Marla Ahlgrimm Weighs in on Matters of Body Image

Marla AhlgrimmAdolescent and teenage girls are the most at risk for suffering mental and physical health problems directly resulting from body image issues, says leading healthcare expert Marla Ahlgrimm. Here, the founder of Women’s Health America offers suggestions on how to approach weight issues with children.

Acknowledge that people come in all shapes and sizes.

According to Marla Ahlgrimm, the image of the “average body” portrayed on the media is way off the mark. Children need to understand that a “healthy weight” is a range, not a set size of designer jeans. Discussions about weight should not be limited to girls. Boys, too, should be taught to respect people for who they are, not how much they weigh.

Teach moderation and lead by example.

Focus on showing children that healthy lifestyle choices always trump fad diets and extreme weight loss. Marla Ahlgrimm suggests allowing kids to help prepare fresh, whole foods and teaching them how to read hunger cues. Children should be brought up understanding that treats aren’t off the table, but should be consumed in moderation.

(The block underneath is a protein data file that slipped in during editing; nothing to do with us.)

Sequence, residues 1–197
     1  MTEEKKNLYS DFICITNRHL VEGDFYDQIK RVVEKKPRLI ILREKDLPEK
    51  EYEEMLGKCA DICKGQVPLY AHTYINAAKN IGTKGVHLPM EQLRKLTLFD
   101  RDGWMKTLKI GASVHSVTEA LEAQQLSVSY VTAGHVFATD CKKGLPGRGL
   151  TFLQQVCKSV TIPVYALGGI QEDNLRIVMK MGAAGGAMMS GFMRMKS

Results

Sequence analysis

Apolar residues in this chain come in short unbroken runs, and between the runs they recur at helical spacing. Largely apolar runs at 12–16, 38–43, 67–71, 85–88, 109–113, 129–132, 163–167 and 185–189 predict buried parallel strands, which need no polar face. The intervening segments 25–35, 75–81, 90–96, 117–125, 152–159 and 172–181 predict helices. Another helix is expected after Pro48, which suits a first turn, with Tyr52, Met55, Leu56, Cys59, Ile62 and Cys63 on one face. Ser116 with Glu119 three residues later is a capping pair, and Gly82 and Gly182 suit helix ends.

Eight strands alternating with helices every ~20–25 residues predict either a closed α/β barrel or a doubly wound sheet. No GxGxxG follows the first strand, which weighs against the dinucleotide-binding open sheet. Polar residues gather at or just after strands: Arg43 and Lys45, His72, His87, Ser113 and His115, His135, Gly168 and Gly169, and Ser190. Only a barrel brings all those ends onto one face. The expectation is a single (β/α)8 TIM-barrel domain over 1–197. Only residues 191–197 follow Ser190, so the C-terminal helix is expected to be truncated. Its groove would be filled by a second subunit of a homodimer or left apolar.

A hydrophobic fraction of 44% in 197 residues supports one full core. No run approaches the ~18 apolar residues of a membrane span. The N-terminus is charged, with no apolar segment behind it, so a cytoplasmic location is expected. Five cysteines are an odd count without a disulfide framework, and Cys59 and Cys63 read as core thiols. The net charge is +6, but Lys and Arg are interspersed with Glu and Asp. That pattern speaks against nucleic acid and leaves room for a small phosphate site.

Stay physically active.

Children mimic the lifestyles their parents model for them, says Marla Ahlgrimm. Get outdoors and enjoy the fresh air with the entire family. Walks around the neighborhood are a great way to not only bond with children but to instill in them a love of exercise.

Do not criticize a child’s weight.

Marla Ahlgrimm reports that body image issues start as early as ten years old, with nearly 8 out of 10 girls reporting having dieted by their first double digit birthday. Negative remarks about a child’s physical appearance is demeaning and can leave an emotional scar that never goes away. Instead, talk about all the amazing things the human body can do and how important each system is to overall health and wellness.

© 2017 Marla Ahlgrimm. All Rights Reserved.